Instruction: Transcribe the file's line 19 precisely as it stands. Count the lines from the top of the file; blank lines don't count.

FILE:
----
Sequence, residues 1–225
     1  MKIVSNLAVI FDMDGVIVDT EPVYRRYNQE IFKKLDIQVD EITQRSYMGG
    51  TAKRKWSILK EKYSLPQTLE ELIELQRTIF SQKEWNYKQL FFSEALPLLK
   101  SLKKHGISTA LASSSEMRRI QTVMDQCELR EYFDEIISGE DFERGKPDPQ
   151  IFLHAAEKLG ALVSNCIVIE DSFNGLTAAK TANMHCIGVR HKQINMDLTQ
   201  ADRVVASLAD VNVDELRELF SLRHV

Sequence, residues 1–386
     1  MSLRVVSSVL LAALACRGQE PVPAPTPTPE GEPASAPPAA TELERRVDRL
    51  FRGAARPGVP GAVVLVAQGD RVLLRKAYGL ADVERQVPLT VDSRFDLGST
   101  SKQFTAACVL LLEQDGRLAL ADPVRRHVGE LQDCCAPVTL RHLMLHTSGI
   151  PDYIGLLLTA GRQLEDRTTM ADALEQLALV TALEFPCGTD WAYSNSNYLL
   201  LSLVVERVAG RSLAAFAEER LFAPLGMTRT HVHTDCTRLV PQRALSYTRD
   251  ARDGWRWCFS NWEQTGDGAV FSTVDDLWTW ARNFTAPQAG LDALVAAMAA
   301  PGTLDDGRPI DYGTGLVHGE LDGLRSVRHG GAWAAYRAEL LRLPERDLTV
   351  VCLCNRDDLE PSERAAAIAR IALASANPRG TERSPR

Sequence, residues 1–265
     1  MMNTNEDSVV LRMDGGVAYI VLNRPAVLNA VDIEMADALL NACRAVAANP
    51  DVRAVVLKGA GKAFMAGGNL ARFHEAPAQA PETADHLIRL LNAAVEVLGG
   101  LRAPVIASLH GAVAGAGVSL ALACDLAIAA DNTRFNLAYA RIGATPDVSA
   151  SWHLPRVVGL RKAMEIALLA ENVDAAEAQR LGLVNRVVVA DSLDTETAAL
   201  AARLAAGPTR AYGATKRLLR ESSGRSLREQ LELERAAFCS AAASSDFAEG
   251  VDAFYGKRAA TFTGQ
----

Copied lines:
   101  LRAPVIASLH GAVAGAGVSL ALACDLAIAA DNTRFNLAYA RIGATPDVSA